Playing with 12 harness patterns

So while I’ve been quiet here, I’ve finally been weaving on the 12 harness Leclerc.  The design of the loom, it turns out, has some major, and annoying, flaws. Worst is the way I can’t adjust the harnesses so that the string, traveling from back to front beam, lies flat.  Since the heddle eyes are below this level, the strings all come off the backbeam, slant down, go through the heddle, and then slant back up.  There’s enough distance between the first and twelfth harness that when all the harnesses are down there’s a visible deformation … And there’s tension issues, too.  Between that, and getting the loom warped, and then trying to fix it, it took a little longer to get weaving than I had hoped.

But as long as I’m weaving relatively narrow ware, and am careful, I can make it work. So I’ve been working on the rug mugs. In this picture you can see the pattern below, as well as previous pattern. The warp’s path was particularly problematical when the higher-numbered harnesses were down. The edges are not ideal (I keep meaning to weight those two edges, and then I keep forgetting, but …)


The pattern I used for the latest rug mug is an earlier variation of the one on the left.  The other challenge of that pattern is that in some places there are floats over 5 strings.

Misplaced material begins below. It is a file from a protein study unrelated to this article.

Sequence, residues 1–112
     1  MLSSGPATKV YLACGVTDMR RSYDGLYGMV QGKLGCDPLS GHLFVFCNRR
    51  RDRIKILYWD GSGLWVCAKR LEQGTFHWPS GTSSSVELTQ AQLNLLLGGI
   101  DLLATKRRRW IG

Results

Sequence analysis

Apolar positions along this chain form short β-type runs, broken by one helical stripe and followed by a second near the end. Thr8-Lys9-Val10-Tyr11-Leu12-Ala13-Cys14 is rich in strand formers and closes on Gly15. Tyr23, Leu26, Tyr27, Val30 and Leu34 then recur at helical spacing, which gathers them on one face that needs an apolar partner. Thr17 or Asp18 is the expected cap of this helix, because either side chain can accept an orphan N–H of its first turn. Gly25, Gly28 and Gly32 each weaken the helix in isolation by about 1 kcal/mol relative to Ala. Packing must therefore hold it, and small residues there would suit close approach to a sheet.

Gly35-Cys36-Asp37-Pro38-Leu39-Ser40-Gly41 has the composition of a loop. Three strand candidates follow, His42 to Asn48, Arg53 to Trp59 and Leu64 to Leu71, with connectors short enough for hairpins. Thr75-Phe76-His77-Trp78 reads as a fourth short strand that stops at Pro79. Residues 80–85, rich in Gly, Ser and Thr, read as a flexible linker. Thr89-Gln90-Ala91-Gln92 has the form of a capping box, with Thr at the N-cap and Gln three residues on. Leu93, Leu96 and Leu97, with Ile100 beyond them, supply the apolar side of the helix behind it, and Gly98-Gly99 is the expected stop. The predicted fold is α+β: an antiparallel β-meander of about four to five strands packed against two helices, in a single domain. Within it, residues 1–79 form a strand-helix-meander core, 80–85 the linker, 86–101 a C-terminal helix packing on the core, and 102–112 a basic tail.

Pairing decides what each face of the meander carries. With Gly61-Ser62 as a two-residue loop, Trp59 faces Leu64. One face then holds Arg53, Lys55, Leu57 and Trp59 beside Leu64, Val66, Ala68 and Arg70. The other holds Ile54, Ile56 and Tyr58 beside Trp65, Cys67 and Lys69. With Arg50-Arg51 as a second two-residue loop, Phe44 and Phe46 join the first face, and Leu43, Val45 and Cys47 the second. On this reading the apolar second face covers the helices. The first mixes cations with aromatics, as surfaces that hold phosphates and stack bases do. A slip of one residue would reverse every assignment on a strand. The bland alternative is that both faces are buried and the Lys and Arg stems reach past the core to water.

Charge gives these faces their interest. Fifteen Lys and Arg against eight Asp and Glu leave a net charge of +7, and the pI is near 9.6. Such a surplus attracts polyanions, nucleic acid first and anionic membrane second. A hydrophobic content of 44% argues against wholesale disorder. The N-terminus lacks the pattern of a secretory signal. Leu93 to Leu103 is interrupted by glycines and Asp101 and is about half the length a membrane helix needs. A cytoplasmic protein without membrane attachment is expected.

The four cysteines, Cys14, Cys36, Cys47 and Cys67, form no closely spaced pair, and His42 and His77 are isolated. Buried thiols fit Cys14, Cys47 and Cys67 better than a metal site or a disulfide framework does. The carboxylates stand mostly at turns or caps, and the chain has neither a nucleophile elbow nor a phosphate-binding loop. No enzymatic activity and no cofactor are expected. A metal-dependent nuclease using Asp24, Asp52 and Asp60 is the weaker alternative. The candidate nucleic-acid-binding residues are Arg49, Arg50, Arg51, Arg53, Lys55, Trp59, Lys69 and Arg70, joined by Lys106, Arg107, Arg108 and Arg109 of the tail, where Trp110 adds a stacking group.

So the next two mug rugs are going to be a) the left pattern, and then b) the right pattern.

And I’m still playing with the same warp so I haven’t changed the threading through the heddles on the harnesses at all.  There is still so much room to play here …

Planning the First Voyageur Mug Rugs

So last night my new 12 shaft Voyageur Leclerc table loom arrived.  Unpacking her was an adventure; she was packed in a wood shipping crate in a cardboard box, with much tape.  Pity the customs inspector who had to open her up.  (Although I don’t think anyone did, actually.  She arrived ship shape and bristol clean, as it were.)

So my first project is going to be a series of mug rugs.  My goal is to experiment with the weave structures, so I’ve measure up about 5 yards, give or take, of 4/8 superwash wool (which is heat resistant and flame resistant).  79 ends, which I will be using at 12 ends per inch.  One copy of the pattern is 22 threads, so this gives me enough room for 3 repeats, with about 5 threads on each end.